In fact, GDP compliance or GAMP takes care of most of the factors mentioned above for pharmaceutical companies. GAMP is a methodology that has asked all these questions according to the guidelines/standards for the pharmaceutical industry. Technology solutions like the Dyzle hardware/software cloud-based platform ensure that by working in a validated environment, all these requirements are fulfilled – which means that logistics industry managers responsible for the cold chain do not need to know anything about the detail of the monitoring solutions, since the solution has already done all of that homework, in terms of risk analysis, IQ, OQ, etc.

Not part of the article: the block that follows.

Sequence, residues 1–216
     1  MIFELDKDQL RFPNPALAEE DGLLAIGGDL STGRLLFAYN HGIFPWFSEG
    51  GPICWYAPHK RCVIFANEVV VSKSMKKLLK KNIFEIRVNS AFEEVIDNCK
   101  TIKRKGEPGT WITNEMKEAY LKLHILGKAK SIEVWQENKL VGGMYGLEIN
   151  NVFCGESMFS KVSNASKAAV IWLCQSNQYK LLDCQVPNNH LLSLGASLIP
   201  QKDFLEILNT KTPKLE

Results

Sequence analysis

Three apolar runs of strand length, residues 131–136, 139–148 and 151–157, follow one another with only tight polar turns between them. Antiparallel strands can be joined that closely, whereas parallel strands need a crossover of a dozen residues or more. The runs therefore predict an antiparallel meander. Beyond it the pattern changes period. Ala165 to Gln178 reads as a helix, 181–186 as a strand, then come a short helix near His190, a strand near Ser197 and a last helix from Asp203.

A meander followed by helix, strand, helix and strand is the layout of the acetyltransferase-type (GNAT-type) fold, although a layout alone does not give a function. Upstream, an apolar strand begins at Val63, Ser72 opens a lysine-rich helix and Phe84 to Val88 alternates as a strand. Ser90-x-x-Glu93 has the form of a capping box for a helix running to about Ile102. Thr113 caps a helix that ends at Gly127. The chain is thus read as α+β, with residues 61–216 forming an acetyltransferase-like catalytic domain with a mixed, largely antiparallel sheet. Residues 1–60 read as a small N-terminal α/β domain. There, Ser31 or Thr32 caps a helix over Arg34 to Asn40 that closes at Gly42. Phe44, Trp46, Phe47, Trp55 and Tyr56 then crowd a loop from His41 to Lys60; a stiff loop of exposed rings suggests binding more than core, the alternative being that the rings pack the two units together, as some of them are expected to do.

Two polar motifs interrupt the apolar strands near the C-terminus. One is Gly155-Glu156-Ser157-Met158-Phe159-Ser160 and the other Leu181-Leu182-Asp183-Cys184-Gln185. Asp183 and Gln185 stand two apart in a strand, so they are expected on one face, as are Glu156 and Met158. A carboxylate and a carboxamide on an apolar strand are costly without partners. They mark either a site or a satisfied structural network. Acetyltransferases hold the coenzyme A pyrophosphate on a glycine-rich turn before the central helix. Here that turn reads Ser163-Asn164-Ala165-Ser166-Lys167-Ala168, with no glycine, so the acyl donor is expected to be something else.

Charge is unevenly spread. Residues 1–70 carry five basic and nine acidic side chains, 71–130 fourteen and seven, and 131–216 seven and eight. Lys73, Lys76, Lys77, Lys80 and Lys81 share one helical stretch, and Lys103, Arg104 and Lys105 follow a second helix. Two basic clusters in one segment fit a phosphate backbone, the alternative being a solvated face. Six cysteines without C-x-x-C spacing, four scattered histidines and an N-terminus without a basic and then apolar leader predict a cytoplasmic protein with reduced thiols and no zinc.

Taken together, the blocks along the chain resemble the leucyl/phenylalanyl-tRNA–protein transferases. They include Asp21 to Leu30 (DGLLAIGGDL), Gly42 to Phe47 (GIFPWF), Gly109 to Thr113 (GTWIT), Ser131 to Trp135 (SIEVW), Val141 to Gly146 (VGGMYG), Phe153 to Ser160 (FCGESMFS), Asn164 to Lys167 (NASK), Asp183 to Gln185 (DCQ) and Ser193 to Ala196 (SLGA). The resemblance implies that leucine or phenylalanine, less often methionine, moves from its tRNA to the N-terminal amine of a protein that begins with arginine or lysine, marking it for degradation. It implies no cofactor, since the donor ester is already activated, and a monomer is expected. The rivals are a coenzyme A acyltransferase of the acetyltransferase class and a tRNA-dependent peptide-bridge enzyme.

In this article, we’ve looked at the key factors that one should consider when looking to implement a complete cold chain monitoring solution. As illustrated, it is not necessary to know about the technology platform – but it is important to know that they can do certain things, like measure data automatically, tell you the data in the right format, and help you provide proof of product integrity and compliance.